Limited broadband access could limit patient use of health information technology. Hence, the gulf between those who have ready access to computers and internet and those who do not, known as the digital divide, could further advance health care disparities. For instance, only 66% of African American and 61% of Hispanic households have access to broadband compared to 79% of White households in the US.9 These disparities related to the digital divide have deepened among already-vulnerable populations with the onset of the COVID-19 pandemic.10 Although smartphones can also be used for telemedicine visitation, low-income individuals might not be able to afford the data services needed for such transaction. Other factors that could limit the adoption of telemedicine by patients include a preference for in-person visits and unsatisfactory patient experiences with telemedicine use.11 These limitations to telemedicine use have adverse implications for racial/ethnic minorities who are already at risk for suboptimal health care use and clinical outcomes.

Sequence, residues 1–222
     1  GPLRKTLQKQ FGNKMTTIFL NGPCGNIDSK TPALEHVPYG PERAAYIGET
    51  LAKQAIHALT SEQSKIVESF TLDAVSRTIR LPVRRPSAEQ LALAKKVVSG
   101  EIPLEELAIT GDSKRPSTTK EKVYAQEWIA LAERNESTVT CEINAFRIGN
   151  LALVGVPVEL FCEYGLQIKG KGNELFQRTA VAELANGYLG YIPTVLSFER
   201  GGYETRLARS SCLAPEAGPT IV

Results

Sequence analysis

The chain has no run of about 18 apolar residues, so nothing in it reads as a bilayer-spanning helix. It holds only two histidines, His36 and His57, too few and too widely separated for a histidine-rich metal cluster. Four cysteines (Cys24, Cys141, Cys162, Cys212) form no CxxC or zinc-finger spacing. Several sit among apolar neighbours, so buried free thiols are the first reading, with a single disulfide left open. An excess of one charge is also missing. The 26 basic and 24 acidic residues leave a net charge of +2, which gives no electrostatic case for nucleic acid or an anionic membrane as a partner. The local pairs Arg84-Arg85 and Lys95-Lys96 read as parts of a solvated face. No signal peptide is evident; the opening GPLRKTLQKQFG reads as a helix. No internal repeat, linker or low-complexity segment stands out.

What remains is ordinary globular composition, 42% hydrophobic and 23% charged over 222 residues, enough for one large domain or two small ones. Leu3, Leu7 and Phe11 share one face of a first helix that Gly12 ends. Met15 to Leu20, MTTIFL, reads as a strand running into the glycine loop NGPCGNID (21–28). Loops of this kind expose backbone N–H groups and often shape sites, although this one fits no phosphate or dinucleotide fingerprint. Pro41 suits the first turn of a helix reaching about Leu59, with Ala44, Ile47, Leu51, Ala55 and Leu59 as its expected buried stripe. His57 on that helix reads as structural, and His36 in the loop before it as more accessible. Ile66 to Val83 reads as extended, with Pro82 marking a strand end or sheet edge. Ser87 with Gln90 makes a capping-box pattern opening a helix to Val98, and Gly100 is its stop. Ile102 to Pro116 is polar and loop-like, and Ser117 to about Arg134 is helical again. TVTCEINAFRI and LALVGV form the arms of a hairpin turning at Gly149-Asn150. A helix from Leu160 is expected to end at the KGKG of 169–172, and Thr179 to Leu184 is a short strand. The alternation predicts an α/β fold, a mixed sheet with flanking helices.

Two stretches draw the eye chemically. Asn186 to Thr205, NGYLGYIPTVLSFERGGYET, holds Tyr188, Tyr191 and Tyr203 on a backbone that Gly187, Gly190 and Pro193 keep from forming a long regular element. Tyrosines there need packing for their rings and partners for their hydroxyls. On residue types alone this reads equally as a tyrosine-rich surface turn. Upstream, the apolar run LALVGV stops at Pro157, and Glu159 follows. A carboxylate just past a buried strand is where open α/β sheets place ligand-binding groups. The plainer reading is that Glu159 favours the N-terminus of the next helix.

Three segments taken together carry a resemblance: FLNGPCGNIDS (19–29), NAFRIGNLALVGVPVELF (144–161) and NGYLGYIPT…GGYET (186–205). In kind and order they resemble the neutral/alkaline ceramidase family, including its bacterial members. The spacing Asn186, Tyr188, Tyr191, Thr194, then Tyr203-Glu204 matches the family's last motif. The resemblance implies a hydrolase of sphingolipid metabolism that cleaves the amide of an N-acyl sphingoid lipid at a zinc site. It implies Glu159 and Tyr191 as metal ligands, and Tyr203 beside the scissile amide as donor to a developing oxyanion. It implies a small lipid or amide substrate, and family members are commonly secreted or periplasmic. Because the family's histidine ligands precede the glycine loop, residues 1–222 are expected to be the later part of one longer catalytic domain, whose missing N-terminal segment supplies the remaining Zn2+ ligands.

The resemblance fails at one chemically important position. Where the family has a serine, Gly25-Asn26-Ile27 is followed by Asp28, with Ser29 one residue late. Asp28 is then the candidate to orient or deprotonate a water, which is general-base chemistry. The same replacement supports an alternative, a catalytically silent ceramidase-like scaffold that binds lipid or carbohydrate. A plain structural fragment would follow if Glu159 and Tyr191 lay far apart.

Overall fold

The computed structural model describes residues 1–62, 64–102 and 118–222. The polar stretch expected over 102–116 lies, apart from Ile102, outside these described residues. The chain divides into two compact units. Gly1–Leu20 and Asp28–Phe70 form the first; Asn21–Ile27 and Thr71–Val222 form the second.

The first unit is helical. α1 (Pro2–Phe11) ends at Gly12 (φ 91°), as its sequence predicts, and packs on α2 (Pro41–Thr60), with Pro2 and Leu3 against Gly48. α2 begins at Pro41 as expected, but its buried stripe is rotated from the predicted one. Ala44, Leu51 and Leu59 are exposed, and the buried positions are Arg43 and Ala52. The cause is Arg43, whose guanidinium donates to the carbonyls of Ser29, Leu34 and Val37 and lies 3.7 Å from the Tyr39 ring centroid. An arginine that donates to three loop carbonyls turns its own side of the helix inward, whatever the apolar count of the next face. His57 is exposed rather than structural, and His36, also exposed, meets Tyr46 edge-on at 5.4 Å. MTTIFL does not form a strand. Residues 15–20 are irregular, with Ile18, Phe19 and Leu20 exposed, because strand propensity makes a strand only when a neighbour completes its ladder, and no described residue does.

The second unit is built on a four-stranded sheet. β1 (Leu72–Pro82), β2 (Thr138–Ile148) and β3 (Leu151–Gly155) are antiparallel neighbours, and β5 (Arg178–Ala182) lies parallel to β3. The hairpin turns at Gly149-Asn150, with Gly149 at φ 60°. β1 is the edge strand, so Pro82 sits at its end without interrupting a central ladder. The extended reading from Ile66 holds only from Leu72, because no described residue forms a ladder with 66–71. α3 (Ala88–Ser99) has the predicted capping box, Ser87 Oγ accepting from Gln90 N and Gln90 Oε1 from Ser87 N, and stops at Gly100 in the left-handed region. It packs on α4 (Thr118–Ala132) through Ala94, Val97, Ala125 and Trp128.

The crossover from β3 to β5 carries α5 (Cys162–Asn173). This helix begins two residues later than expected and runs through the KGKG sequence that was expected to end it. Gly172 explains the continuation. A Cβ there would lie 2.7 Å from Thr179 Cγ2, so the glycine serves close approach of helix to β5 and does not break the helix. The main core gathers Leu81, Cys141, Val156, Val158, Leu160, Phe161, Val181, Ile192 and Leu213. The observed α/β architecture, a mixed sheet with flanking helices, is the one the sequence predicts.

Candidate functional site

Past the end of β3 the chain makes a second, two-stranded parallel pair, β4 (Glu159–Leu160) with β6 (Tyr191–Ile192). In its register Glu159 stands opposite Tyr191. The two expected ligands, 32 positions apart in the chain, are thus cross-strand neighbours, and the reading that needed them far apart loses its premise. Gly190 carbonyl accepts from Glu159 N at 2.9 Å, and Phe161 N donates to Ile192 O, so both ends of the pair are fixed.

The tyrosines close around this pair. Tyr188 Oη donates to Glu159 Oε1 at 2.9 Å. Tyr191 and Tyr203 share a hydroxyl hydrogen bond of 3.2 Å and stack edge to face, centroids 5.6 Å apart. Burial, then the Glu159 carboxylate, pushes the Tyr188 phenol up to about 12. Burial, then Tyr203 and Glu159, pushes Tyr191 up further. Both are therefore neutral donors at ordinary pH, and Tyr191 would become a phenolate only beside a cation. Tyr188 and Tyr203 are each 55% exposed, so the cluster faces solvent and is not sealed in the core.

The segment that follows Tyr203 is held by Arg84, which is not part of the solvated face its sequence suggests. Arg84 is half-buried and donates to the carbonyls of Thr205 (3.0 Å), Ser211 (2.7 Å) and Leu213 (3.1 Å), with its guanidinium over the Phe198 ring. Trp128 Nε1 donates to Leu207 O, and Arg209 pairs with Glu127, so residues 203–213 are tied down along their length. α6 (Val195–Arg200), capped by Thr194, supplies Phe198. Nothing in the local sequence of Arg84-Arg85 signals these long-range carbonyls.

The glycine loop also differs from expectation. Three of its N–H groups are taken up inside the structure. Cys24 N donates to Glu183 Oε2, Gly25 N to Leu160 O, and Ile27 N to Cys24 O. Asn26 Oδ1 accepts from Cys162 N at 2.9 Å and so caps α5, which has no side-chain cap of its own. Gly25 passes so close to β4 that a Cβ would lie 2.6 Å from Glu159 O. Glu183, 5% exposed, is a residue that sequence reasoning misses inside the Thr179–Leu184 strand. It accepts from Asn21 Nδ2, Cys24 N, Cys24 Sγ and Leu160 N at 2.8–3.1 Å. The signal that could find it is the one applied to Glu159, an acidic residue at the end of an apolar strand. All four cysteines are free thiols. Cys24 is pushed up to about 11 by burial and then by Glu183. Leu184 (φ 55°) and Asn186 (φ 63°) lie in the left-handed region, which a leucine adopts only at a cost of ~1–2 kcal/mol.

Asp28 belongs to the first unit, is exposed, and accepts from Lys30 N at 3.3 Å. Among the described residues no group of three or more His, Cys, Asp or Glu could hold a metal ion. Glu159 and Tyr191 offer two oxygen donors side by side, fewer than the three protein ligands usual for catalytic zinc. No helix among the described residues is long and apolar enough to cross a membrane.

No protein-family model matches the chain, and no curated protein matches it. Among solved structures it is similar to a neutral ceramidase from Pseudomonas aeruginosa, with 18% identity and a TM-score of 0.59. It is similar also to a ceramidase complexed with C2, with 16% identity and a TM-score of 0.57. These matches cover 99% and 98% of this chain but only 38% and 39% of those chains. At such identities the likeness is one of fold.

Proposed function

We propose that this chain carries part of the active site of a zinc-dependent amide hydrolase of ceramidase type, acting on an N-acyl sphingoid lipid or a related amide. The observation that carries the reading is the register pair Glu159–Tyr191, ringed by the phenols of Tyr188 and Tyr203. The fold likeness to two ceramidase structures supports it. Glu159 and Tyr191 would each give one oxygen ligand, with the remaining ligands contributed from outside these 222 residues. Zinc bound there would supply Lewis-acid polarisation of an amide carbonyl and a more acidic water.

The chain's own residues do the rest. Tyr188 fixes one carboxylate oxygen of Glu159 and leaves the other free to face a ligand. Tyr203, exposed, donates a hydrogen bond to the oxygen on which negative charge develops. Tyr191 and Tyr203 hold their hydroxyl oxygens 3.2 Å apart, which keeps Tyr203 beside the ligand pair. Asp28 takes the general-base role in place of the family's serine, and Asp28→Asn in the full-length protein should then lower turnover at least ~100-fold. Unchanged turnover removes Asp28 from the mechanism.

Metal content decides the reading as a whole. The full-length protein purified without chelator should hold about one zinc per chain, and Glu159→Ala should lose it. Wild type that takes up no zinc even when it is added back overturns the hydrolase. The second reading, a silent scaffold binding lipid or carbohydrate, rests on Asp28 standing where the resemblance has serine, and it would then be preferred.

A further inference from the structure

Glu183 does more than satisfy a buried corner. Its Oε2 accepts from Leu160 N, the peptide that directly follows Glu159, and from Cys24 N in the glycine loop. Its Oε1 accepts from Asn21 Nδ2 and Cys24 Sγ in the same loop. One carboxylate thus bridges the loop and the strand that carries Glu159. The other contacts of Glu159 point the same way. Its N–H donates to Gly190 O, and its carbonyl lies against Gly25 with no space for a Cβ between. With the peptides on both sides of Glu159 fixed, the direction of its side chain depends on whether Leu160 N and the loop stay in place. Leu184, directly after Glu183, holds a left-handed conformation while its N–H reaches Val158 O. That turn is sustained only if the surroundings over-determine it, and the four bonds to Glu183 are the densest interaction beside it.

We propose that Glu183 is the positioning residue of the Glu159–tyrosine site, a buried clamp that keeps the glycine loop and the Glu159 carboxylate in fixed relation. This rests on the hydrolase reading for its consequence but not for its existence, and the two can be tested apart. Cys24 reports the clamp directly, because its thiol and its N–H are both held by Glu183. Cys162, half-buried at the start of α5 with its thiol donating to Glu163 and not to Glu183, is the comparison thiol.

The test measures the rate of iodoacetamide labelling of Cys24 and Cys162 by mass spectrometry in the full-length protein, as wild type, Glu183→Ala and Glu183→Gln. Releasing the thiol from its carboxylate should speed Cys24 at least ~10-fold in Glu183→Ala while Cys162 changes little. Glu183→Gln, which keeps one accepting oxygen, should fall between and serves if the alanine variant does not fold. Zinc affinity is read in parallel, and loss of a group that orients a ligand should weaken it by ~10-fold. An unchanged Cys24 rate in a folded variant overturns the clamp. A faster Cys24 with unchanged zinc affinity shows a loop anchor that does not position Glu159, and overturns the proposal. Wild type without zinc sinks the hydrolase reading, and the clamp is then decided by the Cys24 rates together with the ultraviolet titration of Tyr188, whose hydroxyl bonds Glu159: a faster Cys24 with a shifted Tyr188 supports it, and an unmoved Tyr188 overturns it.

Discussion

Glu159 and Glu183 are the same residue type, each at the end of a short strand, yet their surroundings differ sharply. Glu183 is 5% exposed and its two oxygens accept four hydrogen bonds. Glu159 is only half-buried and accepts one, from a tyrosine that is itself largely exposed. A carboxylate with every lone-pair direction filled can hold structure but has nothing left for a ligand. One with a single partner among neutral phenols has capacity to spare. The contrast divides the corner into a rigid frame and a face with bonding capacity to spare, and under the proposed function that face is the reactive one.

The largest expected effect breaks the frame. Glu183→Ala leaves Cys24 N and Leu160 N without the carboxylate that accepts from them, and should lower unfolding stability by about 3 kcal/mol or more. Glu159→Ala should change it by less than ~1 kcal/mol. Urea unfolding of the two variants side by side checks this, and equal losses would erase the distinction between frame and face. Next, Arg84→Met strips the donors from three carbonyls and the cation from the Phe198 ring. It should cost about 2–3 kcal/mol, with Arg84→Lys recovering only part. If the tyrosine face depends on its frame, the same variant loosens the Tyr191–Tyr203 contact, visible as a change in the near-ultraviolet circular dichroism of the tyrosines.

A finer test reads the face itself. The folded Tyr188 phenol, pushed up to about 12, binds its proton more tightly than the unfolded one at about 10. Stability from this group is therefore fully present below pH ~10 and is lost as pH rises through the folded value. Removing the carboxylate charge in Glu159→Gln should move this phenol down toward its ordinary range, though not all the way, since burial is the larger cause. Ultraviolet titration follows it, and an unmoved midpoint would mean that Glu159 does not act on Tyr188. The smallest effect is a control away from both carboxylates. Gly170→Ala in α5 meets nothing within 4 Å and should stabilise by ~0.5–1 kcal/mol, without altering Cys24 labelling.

This study analyzed the association between telemedicine use and race/ethnicity in FQHC clinics, as well as the influence of other individual- and geographical-level factors on this relationship. We also separately examined the determinants of telemedicine utilization in African American and Hispanic cohorts. Studies of this nature ensure that initiatives designed to improve access to care do not inadvertently perpetuate disparities across population groups. Understanding these relationships could guide interventions to increase telemedicine use among racial/ethnic minorities.